Sawant has not drafted the legislation yet. On Tuesday, she hosted a discussion in City Hall with representatives of the Seattle Privacy Coalition and the ACLU of Washington. She said Tuesday that representatives from the Seattle Police Department were invited, but declined. SPD did not immediately return Crosscut’s request for comment on the process.

“We are having this discussion today because we strongly believe that the city government should not be in complicity with the federal government in surveilling private citizens,” Sawant said. “As a sanctuary city we have a greater obligation to protect private citizens.”

While surveillance and privacy has been of particular concern for a smallish contingent of advocates in Seattle for years, the question seems to be taking on a post-election urgency in the city, where voted only 8 percent for President Donald Trump. Immediately following his election, Crosscut reported that police reform advocates were heightening calls to clarify how SPD body camera footage, soon to be produced in large quantities as more officer don cameras, is or is not shared with federal agencies. “Assuming there will be no sharing or no problematic sharing seemed unwarranted under Obama, but reckless under Trump,” co-chair of the Community Police Commission Lisa Daugaard said at the time.

Sawant said that these protocols should have been clarified a long time ago, but said there was a similar heightened urgency under Trump.

The city's current surveillance ordinance requires city departments to seek approval from the council before installing or seeking surveillance technologies. Narayan said, in fact, Seattle City Light violated this ordinance when it requested help from ATF to monitor restaurant workers dumping grease down a manhole.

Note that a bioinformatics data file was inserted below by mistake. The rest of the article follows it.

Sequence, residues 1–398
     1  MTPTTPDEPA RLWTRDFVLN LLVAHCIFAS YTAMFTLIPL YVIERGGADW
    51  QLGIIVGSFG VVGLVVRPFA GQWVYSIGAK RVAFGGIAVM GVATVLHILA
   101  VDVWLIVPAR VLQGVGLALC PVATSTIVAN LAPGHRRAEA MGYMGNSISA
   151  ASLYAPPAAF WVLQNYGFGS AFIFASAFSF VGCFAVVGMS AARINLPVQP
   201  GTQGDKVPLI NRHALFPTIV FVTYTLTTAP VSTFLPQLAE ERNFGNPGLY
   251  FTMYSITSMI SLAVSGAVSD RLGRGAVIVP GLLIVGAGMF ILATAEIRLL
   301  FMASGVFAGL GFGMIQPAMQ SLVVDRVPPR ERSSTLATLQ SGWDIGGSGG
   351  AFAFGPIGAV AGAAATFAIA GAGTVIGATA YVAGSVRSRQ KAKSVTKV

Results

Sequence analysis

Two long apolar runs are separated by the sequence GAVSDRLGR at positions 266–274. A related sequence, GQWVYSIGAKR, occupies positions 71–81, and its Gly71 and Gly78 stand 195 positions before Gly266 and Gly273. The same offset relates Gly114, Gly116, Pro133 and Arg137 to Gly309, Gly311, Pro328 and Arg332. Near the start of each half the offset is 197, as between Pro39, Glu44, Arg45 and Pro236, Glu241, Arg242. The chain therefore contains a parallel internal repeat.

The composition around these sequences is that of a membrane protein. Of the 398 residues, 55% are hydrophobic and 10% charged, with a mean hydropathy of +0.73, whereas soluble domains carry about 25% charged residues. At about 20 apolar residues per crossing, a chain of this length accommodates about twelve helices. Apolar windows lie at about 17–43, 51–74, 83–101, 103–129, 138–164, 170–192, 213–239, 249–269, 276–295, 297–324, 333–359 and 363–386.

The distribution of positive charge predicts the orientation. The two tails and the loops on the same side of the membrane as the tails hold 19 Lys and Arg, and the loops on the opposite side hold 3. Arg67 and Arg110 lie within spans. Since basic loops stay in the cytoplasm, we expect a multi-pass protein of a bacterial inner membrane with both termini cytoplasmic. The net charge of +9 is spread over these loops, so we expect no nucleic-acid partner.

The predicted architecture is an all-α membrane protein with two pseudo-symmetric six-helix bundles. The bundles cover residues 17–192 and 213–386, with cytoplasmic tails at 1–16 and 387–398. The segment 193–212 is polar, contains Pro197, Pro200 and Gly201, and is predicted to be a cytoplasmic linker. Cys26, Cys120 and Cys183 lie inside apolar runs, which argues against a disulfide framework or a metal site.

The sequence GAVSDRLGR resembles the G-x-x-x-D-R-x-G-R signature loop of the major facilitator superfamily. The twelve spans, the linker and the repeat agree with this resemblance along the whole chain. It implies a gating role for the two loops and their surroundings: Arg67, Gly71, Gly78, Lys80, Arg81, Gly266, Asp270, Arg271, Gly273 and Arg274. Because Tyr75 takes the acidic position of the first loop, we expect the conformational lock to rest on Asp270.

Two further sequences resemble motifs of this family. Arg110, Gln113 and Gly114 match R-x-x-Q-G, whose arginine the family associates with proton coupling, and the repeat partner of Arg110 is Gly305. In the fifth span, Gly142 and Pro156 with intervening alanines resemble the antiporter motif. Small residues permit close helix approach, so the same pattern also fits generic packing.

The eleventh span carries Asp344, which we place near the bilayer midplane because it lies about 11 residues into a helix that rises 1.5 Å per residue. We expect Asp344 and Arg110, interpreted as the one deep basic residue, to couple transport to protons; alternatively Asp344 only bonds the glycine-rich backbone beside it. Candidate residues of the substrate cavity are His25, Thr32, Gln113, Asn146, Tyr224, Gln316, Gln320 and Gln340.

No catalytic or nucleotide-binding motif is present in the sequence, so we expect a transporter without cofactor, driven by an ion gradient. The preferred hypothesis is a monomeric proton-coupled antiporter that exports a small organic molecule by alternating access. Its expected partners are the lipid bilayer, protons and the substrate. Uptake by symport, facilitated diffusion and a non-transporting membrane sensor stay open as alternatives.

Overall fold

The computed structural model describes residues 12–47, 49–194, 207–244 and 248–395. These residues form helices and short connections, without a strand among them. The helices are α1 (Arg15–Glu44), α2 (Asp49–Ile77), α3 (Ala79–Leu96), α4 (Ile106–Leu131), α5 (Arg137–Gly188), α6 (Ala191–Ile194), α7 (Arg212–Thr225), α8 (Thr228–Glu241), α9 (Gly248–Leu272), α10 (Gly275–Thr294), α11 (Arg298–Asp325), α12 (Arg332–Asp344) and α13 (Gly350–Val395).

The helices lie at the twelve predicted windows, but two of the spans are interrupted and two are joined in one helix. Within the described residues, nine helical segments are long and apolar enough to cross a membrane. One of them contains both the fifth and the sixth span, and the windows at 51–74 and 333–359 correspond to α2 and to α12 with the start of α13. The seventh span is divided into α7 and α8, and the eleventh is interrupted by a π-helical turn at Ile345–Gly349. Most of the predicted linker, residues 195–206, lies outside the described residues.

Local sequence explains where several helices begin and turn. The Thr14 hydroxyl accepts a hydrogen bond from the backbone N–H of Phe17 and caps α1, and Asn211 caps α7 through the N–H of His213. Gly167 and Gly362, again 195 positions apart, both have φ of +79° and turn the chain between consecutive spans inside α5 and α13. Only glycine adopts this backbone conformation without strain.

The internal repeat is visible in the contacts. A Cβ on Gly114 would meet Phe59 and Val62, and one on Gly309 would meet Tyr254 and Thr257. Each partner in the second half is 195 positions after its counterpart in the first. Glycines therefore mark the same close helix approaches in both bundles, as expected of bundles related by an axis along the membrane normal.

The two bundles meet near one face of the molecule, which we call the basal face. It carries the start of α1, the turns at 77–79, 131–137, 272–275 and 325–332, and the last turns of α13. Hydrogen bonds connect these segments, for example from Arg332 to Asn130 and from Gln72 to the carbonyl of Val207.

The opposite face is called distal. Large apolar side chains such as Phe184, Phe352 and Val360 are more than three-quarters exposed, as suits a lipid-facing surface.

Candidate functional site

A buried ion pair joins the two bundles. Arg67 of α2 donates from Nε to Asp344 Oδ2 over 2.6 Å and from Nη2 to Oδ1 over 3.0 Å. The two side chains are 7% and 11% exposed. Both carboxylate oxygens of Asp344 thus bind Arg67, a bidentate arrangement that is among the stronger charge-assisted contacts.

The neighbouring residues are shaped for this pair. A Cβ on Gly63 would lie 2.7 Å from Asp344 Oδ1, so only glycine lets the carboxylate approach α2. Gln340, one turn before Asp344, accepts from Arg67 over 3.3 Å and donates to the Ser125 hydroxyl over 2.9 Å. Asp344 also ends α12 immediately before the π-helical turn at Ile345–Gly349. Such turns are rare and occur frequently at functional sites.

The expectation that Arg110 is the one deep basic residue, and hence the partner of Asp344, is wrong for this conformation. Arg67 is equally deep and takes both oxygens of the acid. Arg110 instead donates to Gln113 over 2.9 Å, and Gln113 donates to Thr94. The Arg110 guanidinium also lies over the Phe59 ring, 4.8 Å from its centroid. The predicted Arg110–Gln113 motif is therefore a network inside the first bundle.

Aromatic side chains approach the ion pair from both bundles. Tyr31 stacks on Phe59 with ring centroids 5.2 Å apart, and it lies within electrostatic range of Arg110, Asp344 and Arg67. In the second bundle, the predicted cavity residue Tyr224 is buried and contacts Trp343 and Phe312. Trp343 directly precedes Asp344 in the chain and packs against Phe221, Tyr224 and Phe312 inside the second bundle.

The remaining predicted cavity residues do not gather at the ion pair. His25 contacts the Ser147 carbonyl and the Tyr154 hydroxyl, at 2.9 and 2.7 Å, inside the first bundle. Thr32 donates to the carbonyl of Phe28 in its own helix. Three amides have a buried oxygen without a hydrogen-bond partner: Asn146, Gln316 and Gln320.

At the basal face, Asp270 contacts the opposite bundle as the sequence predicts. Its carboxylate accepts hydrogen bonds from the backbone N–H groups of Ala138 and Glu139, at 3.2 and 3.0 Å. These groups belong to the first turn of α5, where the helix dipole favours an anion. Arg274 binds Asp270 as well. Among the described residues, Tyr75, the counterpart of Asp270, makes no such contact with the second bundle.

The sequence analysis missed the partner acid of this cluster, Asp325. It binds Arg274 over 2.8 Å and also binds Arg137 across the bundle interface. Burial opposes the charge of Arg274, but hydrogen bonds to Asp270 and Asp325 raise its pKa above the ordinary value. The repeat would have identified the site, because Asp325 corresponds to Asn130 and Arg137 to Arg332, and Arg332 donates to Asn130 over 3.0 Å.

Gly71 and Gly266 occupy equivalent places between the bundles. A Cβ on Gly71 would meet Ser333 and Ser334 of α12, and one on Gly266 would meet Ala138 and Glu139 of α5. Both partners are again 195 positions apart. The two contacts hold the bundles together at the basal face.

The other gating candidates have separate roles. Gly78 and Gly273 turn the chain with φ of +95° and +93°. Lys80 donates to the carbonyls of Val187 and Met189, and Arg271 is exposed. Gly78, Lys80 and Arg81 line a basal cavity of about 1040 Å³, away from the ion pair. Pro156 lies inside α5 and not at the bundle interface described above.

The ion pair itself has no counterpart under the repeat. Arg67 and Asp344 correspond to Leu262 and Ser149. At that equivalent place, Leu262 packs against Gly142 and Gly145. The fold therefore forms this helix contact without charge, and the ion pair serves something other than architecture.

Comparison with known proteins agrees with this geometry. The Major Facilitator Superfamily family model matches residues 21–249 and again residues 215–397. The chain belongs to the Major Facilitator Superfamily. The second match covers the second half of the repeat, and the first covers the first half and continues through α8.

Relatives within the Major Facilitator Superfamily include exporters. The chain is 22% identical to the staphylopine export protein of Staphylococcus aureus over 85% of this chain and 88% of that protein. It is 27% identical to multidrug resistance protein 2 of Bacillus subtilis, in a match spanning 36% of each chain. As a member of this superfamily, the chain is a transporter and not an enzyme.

But less clear is whether Seattle City Light has the obligation or authority to intervene when its facilities are used for federal surveillance purposes. Jim Baggs with City Light said the department's current approach is to not intervene at all, to help or hinder.

It’s not immediately clear that there is necessarily widespread opposition to some forms of surveillance. According to a recent survey done by the team monitoring Seattle’s police reform efforts, 92 percent of citizens support body cameras for police officers. In July of 2015, several representatives from Seattle’s black community called for more surveillance as a means to secure more prosecutions for shootings. And last June, the city rolled out new plans for installing shot location technology.

“On a reasonable basis, there may be legitimate investigation requirements,” Sawant said. Later, though, she added, “I do understand that there are some conflicting opinions on these issues. I would say this: In order to ensure that there is no more racially biased policing … what we need is not surveillance equipment. What we need is a functioning democratic process.”

This story has been updated.


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About the Authors & Contributors

David Kroman

David Kroman

David Kroman is formerly a reporter at Crosscut, where he covered city politics.